Tuesday, April 21, 2009

Soccer parents make headlines for wrong reasons

What could be worse than being banished from a kids' soccer game for ref baiting? Here's something: Being banished from a kids' soccer game for ref baiting, then having your suspect behavior chronicled in the Washington Post.

This happened today to parents of the Legacy travel team in Bethesda, Maryland.

Post reporter Annie Gowen has the interesting story of a bunch of parents punished for berating an official during a heated game at the end of last season. To its credit, the Washington Area Girls Soccer League took aggressive action, calling the behavior "nothing less than egregious" and banning the adults from the sidelines for two games. A referee stood sentry to make certain that the parents complied.

Gowen writes: "The soccer league, home to many of the area's best soccer players with 600 teams and more than 15,000 participants, has a strict disciplinary system, in which players and coaches receive yellow or red cards for rough or unsportsmanlike conduct. Some have to explain themselves at disciplinary hearings. There are also sportsmanship liaisons on each team, who are supposed to keep fellow parents in check.

"Kathie Diapoulis, league president, said the parents had gone too far. The league's disciplinary board has had better luck barring individual parents from attending games in the past three years rather than fining them, because the parents would pay the money and continue the bad behavior.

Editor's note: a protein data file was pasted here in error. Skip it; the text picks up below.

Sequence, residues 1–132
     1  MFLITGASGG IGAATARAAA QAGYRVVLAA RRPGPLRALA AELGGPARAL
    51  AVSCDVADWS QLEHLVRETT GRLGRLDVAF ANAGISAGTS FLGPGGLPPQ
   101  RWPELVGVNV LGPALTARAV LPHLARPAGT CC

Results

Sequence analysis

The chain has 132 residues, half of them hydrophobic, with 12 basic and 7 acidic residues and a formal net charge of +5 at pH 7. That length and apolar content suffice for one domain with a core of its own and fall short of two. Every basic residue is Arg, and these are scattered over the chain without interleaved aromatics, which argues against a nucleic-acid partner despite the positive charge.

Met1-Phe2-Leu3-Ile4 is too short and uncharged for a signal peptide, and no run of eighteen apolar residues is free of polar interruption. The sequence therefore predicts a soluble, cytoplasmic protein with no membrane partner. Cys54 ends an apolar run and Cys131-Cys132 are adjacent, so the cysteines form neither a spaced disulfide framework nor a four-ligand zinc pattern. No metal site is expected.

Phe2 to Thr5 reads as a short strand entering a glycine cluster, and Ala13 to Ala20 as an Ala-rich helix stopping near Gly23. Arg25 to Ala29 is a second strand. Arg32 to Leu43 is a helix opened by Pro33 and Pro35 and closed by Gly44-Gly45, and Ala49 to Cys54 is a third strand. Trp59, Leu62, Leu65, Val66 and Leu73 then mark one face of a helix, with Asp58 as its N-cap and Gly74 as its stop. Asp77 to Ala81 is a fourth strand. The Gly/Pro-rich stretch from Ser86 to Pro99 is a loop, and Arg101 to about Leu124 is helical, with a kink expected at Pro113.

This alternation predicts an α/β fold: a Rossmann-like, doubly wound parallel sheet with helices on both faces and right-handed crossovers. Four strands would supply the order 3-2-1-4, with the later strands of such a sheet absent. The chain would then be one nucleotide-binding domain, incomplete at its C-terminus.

"We have taken a strong stance," Diapoulis said. "It's important. This isn't the World Cup. . . . And for the parents to be shrieking on the sidelines and belittling people goes against everything we're trying to do. . . . It's not acceptable behavior."

Gowen doesn't speak with the Legacy players, 13-year-olds, for their views - under the best of circumstances kids that age are mortified by their parents. But she spoke with several of the moms and dads who, in an encouraging note, seemed genuinely sorry about the incident and the fallout.

She quotes one anonymous parent saying, "It's embarrassing. This is seventh-grade soccer."

Another, who hadn't attended the game in which the bad behavior occurred, told the Post: "We accepted our punishment, and we're abiding by it. One of the functions of sports is to teach sportsmanship. When we as parents violate that, the girls need to see there are consequences to those actions."

A multi-generational teaching moment, you might say.

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